Inequality and Financial Fragility
Journal of Monetary Economics, forthcoming
I study how the distribution of wealth influences the government’ s response to systemic banking crises and shapes financial fragility. Distributional concerns tend to make full government guarantees of deposits credible for relatively poor individuals, but not for wealthier individuals. As a result, wealthier individuals have a stronger incentive to panic and, in equilibrium, the institutions in which they invest are endogenously more likely to experience runs and receive partial bailouts, even under utilitarian government. Moreover, the shape of the wealth distribution affects the level of financial fragility. Recognizing this fact may alter the government’s desire to redistribute wealth ex ante.
Coveting your neighbour’s house: Understanding the positional nature of residential satisfaction
Housing Studies, forthcoming
Do the characteristics of our neighbour’s house affect how we view our own home? In this paper, I examine the importance of local comparisons in housing assessments by testing whether the size of one’s home relative to others in their neighbourhood influences their housing satisfaction. I use a unique feature of the 1993 American Housing Survey, in which the US Census Bureau randomly surveyed 988 housing units around the country and a cluster of approximately 10 of their nearest neighbours. I use these data to test whether a unit’s relative size in its neighbourhood influences the occupant’s housing satisfaction while controlling for a series of occupant and unit characteristics. I find evidence that relative position matters. Those living in comparatively small houses are more likely to express dissatisfaction with their home than people living in units that are large relative to other houses in their neighbourhood cluster.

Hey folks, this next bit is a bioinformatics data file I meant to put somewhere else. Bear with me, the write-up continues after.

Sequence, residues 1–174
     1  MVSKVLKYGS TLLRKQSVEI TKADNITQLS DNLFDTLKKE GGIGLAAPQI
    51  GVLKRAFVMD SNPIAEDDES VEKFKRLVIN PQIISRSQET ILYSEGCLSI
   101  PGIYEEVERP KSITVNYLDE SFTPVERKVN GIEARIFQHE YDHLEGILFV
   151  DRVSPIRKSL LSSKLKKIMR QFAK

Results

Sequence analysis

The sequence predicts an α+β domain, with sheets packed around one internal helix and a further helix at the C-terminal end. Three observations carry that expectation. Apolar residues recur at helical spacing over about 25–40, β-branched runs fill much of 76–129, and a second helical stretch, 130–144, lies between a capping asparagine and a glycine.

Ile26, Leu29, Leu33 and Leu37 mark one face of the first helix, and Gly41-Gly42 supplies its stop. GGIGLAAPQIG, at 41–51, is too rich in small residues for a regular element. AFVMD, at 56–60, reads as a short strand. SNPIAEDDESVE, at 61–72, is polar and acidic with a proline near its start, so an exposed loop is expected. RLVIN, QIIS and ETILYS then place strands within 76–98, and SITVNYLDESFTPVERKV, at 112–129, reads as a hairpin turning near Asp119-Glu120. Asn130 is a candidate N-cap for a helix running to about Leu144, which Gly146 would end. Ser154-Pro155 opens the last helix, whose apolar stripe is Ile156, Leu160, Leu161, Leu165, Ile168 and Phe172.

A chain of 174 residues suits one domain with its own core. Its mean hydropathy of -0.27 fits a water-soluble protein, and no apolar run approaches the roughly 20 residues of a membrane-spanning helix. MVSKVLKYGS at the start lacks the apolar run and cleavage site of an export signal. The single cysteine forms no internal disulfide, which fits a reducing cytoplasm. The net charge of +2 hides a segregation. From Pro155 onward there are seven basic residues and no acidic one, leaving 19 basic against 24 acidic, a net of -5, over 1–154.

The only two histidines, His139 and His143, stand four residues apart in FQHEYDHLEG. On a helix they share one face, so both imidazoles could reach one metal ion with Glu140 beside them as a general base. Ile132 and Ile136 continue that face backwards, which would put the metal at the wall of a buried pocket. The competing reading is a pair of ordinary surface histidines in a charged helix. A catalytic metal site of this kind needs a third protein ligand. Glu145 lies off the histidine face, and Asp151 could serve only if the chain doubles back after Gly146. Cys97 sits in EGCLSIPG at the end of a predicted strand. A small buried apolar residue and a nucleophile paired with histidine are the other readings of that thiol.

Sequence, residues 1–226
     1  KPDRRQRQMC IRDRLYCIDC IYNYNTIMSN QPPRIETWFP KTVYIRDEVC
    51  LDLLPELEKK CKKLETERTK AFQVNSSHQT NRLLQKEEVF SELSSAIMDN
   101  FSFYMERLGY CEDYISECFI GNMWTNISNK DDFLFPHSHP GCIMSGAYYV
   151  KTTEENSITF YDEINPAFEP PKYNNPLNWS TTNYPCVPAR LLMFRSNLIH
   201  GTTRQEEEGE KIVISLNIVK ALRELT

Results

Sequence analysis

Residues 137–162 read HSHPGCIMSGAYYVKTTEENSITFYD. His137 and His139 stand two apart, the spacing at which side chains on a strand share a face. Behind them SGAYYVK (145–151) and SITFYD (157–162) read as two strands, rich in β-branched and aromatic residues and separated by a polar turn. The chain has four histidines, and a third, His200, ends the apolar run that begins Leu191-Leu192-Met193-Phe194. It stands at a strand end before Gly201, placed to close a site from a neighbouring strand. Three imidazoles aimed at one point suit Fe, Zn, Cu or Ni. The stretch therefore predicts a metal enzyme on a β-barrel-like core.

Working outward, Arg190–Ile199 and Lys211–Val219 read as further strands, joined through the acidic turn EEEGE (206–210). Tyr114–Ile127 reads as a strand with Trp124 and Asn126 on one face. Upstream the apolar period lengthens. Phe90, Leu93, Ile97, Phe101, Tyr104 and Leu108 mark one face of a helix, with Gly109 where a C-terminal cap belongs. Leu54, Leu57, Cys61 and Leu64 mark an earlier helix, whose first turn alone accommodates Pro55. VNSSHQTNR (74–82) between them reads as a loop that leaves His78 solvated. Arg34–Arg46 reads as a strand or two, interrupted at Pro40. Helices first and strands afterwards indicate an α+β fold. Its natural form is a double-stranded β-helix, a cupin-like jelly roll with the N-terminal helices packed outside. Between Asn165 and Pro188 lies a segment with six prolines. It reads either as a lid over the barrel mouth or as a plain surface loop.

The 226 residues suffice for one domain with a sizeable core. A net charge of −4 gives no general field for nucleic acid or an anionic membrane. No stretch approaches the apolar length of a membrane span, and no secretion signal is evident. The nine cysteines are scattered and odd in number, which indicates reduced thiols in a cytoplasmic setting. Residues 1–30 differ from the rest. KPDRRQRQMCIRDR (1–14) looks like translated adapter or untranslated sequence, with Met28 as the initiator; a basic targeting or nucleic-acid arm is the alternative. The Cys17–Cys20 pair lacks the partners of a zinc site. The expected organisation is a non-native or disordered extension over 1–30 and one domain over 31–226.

Overwork, Specialization, and Wealth
Brian Aronson & Lisa Keister
Journal of Marriage and Family, forthcoming
Objective: This study examines how overwork and traditional household specialization - defined as households with one dedicated female homemaker and one dedicated male breadwinner - are associated with wealth across socioeconomic strata.
Method: With data from the Survey of Consumer Finances, a nationally representative survey of households that includes an oversample of high‐wealth households, the authors estimate unconditional quantile regression models to investigate how overwork and household specialization are associated with household wealth across socioeconomic strata and over time.
Results: Overwork has the greatest absolute benefits at the top of the wealth distribution but the greatest relative benefits in lower portions of the wealth distribution. Specialization yields distinct advantages for high‐wealth households that have grown over time, whereas specialization comes with trade‐offs for low‐wealth households that outweigh its benefits.
Rurality and Income Inequality in the United States, 1975-2015